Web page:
It's time to stop blaming breastfeeding supporters for trying to talk about these things, and instead, get angry with a society that did not support you when you were most vulnerable.

By Jessica Armstrong

A huge shout out to Catherine of Bellabirth (follow her Facebook page here) for introducing me to Jessica. 

Thursday, 29 January 2015

Why the ‘mummy wars’ are a myth designed to keep women quiet

Similac's Mother 'Hood video has taken the Internet by storm

In a stroke of marketing genius, infant formula manufacturer Similac has launched an advertising campaign with a video parody. With already over three million YouTube views, Similac calls for ‘an end to judgement’ with #SisterhoodUnite.

Follow any popular parenting pages on social media and you will have seen it. The Huffington Post called it, ‘A playful reminder that judging other parents is absurd.’ Mamamia said, ‘Ever been judged by a fellow parent? Then this video is for you … hilarious.’

‘Welcome to the sisterhood of motherhood’, says Similac. ‘Time to put down the fingers and the subtle suggestions … And, just like the sister who’s got your back, we’re there to help you … with confidence—and zero judgment.’

That’s right, folks. An industry that makes millions in profit wants nothing more than to help. Honest! And they mightn’t judge you personally, but they will bolster stereotypes to enable you to judge the s**t out of each other.

Depressingly, the amusement in this video comes at the expense of enforced labels—the aggressive breastfeeders thrusting their chests (under a cover, obviously); the nervous ‘helicopter’ parent with hands clamped over swaddled baby; the snarky be-suited ‘working’ mum; and of course, the sausage-wielding dads making jokes about boobs.

Clich├ęs aside, what makes this campaign so brilliant is what you don’t see. You don’t see an ad. (Mars ‘Earth’ bar, anyone?) Viewers are led to believe that the company instead empathises with us, that they get us. They make us laugh—and weep. As a result, within moments they’ve established our trust.

What happens when we trust someone? We listen.

Playing beautifully on the women-are-their-own-worst-enemies shtick, the subliminal implication here is that discussion of conflicting information is mean. By appropriating ‘sisterhood’, by reiterating that ‘no matter what our beliefs, we’re parents first’ we’re reminded that anything said contrary to what someone else says must be letting the sisters down—it’s war.

So everyone should, as Similac says, ‘end the subtle suggestions.’ And humour makes compelling argument—because who wants to be that parent? The mother who judges others, who uses her breasts as weapons of mass destruction?

Why would a formula manufacturer call for quiet? Because by talking about infant feeding amongst each other, by sharing information—even by intelligent debate and argument—there’s a chance more women will overcome the hurdles society places in front of them to meet their own parenting goals.

And that might include breastfeeding for longer than companies like Similac would appreciate.

Over the past century, growth of infant formula has un-coincidentally heralded the dramatic decline of breastfeeding rates. ‘The development of artificial baby milk has been a marketing success story,’ writes Gabrielle Palmer in The Politics of Breastfeeding: When Breasts Are Bad For Business, ‘not least in the skill with which the competing product has been destroyed. Women are not paid for producing breastmilk ... those who market [formula and supplies] benefit financially from keeping breastfeeding in check.’

Australians spend about $132.8 million a year on infant formula. Even mining billionaire Gina Rinehart is investing in the ‘white gold’ boom, set to export as much as 30,000 tonnes of the stuff annually to China.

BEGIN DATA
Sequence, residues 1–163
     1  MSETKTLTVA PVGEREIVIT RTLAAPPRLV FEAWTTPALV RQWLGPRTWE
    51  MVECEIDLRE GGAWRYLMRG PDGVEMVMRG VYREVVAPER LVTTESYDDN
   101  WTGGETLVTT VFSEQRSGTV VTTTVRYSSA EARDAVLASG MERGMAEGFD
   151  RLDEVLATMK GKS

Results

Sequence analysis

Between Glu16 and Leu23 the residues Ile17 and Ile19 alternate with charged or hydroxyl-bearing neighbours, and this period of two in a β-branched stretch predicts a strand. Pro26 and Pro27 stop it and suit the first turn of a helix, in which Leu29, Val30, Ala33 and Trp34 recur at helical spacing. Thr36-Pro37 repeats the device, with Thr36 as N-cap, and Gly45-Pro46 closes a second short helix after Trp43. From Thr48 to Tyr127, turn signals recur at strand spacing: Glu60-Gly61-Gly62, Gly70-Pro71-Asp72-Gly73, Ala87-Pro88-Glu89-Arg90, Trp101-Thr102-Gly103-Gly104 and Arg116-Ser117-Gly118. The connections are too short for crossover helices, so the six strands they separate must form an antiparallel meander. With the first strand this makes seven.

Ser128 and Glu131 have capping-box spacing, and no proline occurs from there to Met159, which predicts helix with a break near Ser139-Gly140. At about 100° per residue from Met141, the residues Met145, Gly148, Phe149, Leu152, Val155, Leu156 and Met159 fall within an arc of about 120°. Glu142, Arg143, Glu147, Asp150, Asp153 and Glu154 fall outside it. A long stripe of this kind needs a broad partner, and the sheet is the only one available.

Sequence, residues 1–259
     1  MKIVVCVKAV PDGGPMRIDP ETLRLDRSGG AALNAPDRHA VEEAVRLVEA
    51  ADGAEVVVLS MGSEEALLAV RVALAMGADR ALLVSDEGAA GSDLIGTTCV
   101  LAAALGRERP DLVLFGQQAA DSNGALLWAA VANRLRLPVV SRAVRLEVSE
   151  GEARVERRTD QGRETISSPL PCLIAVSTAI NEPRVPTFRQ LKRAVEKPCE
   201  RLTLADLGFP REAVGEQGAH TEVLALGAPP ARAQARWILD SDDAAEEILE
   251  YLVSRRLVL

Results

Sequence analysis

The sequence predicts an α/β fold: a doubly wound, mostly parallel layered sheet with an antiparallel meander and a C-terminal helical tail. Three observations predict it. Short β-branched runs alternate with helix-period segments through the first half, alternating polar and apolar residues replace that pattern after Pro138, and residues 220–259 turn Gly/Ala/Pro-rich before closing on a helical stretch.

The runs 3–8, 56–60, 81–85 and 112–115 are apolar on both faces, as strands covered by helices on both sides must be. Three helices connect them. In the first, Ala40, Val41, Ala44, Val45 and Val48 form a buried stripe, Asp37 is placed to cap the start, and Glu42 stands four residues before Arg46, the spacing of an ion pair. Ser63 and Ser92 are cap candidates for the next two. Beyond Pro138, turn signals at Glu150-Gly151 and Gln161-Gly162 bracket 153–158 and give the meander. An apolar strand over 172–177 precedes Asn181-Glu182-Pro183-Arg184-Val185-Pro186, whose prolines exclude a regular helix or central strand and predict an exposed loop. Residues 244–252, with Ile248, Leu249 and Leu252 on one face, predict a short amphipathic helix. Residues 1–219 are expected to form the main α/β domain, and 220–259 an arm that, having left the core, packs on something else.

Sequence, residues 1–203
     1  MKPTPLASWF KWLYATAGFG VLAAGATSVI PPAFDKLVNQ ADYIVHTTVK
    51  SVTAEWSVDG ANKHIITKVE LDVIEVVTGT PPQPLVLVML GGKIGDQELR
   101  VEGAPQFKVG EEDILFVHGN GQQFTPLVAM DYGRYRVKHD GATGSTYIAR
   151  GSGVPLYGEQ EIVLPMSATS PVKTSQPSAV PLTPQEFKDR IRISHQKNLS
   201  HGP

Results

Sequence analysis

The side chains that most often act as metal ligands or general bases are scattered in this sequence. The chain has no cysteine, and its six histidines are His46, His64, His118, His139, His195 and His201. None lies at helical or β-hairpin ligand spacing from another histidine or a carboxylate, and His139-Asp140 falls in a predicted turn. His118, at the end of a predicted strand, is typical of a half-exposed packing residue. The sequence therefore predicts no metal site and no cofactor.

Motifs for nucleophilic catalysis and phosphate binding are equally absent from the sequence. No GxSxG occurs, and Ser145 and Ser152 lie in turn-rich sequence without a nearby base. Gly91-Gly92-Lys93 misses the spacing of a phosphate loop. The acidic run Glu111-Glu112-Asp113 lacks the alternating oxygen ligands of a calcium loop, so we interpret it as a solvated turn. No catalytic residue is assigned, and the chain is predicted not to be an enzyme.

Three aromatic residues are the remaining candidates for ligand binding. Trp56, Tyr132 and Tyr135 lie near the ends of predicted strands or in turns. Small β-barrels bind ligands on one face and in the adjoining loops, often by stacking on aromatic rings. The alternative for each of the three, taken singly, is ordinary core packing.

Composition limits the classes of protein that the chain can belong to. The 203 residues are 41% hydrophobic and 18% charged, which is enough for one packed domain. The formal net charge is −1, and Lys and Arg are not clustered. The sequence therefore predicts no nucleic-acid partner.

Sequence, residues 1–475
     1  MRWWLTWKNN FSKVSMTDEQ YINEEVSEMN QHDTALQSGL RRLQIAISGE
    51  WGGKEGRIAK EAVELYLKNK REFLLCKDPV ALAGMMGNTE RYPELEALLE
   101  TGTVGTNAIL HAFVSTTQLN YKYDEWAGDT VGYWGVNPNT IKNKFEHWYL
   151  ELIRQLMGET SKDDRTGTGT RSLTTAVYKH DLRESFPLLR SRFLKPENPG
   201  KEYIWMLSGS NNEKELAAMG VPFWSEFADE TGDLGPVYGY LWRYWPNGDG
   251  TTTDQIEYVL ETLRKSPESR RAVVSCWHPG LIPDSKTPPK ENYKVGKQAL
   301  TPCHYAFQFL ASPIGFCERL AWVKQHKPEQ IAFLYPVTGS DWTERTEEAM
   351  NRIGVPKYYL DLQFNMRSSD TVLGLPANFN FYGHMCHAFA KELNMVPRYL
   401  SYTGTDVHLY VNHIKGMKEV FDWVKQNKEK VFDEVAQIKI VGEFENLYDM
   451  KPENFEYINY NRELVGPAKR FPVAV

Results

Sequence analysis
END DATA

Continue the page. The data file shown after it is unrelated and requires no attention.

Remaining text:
And what is the only competitor to infant formula?

The humble human breast.

Fortunately for formula manufacturers, patriarchy has done a stellar job of convincing women that their bodies are defective, their sole purpose in life is sex, and that their arguments are petty, catty, and pointless.

Kudos, patriarchy. First create the problem, then withdraw and make it look like the women are just squabbling amongst themselves.

For any woman, breastfeeding or not is an emotional and individually complex bodily experience. To reduce it to a choice akin using cloth or disposable nappies is insulting. But it’s also insidiously brilliant—because it enables the continuation of offence whenever discourse around breastfeeding and its common cultural or rare physiological hurdles arise. In short, it allows the accusations of judgement! Guilt! whenever someone says, ‘I’m sorry you were given poor advice. Would you like some help?’

No, Similac’s ad is not likely to inspire a woman’s switch from breastfeeding to formula. But it is likely to keep her quiet about struggling or not wanting to give up—along with shaming into silence voices who might help her if she wants it.

In Australia, the majority of women who initiate breastfeeding cease or introduce formula before they wanted to. No decision is made in a vacuum. Stupendous profits are made by companies maintaining women’s dislike and fear of their own bodies. And they all claim to be doing it for us. To make our lives better, happier, easier. Vast industries make money when women believe their bodies are flawed and faulty—including manufacturers of artificial baby milk.

In Australia, increased breastfeeding rates would save an estimated $60-120 million annually in public health care. Globally, optimal breastfeeding has the potential to prevent almost a million child deaths a year—about one death every 40 seconds.

Formula companies have done an exceptional job convincing women their breasts don’t work. That’s not a petty ‘mummy wars’ issue, that’s a worldwide health crisis.

While these facts are confronting, it’s important to point out that they are not judgments of parents who use formula. There’s supply of information and then there’s criticism. Judging other parents over life differences is absurd. Instead these are criticisms of the corporations who cleverly market to maintain a lucrative facade of trustworthiness at the expense of global wellbeing—at the expense of women’s belief in their bodies.

This video is not a benevolent community service announcement. It is an advertisement for infant formula. It might not look like it, but it is. And it's an advertisement for formula through the implicit misdirection of stifling discourse about the 'competition'—breastfeeding support.

Make no mistake, there’s no altruism in encouraging the silence of information sharing. ‘Let’s all play nice mummies and get along’ is passive aggressive and infantilising. There’s no progress in degrading adult discourse to ‘judgement’. Especially when it comes to highlighting where women are being used and let down, over and over and over again.

The mummy wars? I don’t buy it. We’re bigger than that.